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a selection of objects. The museum shows art but also science, tech­ niques, history, and all the new disciplines that generate progress and modernity. Until the early 19th Century, mu­ seums were open only to appren­ tice artists who came to imitate the recognised works. Although af­ ter 1880 they also began to adopt an educational mission, openness to a wider audience was very slow and was accepted with great re­ luctance by a profession that en­ tertained an elitist vision of its function. The more recently established mu­ seums were set up for reasons re­ artworks of Royal collections or This revolutionary idea will nota­ lated to scientific and artistic bly apply with the Organ Museum those that were confiscated from town/country planning objectives nobles and religious congrega­ which manages the ERP tions. Thereafter, the museum, the as well as to economic and political (Establishment Receiving Public) official place to exhibit art, has oc­ considerations. of the Abode of Chaos (Demeure cupied a central place in urban life. Throughout the 1990s, for exam­ du Chaos), whose visitor stats ple, a whole generation of indus­ In Paris, the Louvre was selected (120,000 per year) make it the trialists wishing to leave a lasting most frequented private Museum to become a museum. in the Rhône-Alpes sector (accord­ The objective of a museum, a pub­ impression on their respective lic institution at the beginning, is countries began to build a large ing to Le Progrès Culture). In ad­ to give everyone access to the cul­ number of Contemporary art mu­ dition, the international media seums, especially in northern reaction largely confirmed the the­ tural heritage of the Nation, the idea of beauty and knowledge, via Europe, Germany, northern Italy ories codified in 1999. In 1999, thierry Ehrmann codified the Musée l’Organ (aka, Organ Museum) as an innovative vision: “the Artwork Museum” in which he defined the museum as a work of art in itself based on a building structure that is intrinsically an open-air monumental work of art, made up, in this case, of 4,500 art­ works, visible as a modern-era ca­ thedral.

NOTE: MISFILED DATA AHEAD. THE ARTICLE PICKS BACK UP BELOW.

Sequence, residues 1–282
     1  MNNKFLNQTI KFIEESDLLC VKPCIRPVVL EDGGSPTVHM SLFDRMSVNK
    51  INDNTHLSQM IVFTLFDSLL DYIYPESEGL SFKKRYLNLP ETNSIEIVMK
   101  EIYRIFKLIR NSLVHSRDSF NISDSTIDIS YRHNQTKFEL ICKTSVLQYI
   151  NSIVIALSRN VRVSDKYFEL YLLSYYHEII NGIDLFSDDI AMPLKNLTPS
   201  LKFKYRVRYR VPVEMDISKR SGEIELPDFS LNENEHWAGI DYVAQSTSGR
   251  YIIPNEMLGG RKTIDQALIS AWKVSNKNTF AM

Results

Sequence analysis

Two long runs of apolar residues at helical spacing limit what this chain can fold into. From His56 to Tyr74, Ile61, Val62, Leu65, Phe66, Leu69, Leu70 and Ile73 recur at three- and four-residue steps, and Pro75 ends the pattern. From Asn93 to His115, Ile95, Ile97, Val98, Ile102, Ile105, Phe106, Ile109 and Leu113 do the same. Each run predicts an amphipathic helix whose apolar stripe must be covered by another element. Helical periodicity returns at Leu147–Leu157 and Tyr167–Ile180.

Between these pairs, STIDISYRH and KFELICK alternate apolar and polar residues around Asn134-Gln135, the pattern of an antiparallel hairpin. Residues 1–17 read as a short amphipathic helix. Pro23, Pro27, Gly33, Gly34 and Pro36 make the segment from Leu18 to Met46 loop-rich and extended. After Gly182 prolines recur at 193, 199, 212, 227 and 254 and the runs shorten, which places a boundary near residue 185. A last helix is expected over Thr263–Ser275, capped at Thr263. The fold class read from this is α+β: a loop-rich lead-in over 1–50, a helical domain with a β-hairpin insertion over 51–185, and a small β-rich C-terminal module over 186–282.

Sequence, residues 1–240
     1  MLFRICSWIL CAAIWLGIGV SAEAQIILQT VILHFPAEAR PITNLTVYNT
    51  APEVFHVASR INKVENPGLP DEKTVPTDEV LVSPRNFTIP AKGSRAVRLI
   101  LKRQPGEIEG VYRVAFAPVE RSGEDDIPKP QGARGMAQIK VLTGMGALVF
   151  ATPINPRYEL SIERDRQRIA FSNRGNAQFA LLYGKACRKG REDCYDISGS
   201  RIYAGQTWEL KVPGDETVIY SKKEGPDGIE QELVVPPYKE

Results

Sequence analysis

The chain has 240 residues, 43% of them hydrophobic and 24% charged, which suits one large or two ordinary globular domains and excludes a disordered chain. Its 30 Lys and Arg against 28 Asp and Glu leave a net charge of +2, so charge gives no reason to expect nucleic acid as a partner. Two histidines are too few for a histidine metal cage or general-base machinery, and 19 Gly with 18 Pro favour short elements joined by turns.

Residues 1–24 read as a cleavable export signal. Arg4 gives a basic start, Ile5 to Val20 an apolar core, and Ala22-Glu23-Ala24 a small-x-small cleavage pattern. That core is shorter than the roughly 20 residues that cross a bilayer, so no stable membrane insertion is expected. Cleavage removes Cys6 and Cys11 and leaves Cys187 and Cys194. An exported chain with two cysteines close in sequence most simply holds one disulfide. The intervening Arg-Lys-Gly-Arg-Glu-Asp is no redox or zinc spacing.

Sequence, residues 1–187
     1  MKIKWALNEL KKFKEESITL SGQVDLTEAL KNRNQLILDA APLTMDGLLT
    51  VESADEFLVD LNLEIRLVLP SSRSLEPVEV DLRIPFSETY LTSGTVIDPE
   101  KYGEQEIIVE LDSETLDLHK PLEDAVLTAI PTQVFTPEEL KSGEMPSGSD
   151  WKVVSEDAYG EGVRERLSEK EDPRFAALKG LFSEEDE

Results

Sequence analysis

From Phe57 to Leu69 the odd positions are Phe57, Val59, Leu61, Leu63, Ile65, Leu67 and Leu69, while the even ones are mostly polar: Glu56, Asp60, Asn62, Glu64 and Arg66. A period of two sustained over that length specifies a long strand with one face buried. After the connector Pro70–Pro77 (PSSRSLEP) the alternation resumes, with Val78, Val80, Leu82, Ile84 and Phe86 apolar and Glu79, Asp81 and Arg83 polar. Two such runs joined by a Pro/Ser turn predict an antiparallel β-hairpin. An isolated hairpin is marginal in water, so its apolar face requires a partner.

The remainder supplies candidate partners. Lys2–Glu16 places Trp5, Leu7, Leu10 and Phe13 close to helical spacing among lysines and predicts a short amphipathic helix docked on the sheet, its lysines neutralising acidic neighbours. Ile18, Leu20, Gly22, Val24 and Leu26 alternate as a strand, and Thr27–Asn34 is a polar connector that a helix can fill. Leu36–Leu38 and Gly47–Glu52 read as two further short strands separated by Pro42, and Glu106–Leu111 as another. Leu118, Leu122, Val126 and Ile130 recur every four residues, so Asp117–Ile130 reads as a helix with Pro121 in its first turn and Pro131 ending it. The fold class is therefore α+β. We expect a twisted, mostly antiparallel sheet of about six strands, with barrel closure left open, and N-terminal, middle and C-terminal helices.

In fact, the museums and ­public collections of our era are a rela­ tively recent invention dating back to the 18th Century and may be considered the fruit of the Enlightenment Philosophers. The first public museum opened in 1694 in Besançon, France. Elsewhere in the country, it was the Revolution that set up the first museum to permit citizens to see

The Organe Museum or Malraux’s Imaginary Museum

and China. In fact, during the first decade of the new millennium, more museums and Contemporary Art Centres were built than du­ ring the course of the entire 20th Century (source: Artprice). The Organ Museum, with several sociologists specialized in the art market, published a long study on the evolution of museums towards a “free-of-charge” model world­ wide (Editions Musée l’Organ). In 2001, the Organ Museum was a precursor by being the first French Contemporary art museum to be registered on France’s Commercial Registers of Companies. This revolution of the museum model has been spearheaded by the Louvre, which now markets its brand to the Gulf countries. Summarizing his approach, Thierry Ehrmann, founder of the Organ Museum, has said "The specifications of the Organ Museum, which have guided us since 1999, are perfectly coherent with André Malraux’s “Imaginary Museum”. This development is a virtuous circle: content diffusion

on the Internet creates the desire to deepen knowledge, satisfy cu­ riosity and, naturally, to physical­ ly visit different museums around the world." The last word of this presenta­ tion of the museum in the world in 2012 by the Organ Museum be­ longs to André Malraux in his The Imaginary Museum (1947) in which he analysed the museum phenomenon: "The role of muse­ ums in our relationship with art is so great that we can hardly ima­ gine life without them... and yet they have only been with us for less than two centuries. The 19th Century lived with them and we still live with them... and we for­ get that they imposed on visitors an entirely new relationship with art. They helped to deliver from their function the artworks they brought together." Earlier in The Imaginary Museum, this extraordinary visionary says "the 21st Century museum will be the unique place for all the arts, where all cultures, all generations and all social strata will converge."

 Célèbre panneau publicitaire devant

le restaurant Paul Bocuse Famous billboard in front of Paul Bocuse flagship restaurant

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Opus IX: Abode of Chaos / La Demeure du Chaos 1999-2013  

thierry Ehrmann: we put all our passion and folly into preparing this French-English Collector, the book of the decade: 504 pages / 4.5 kg /...

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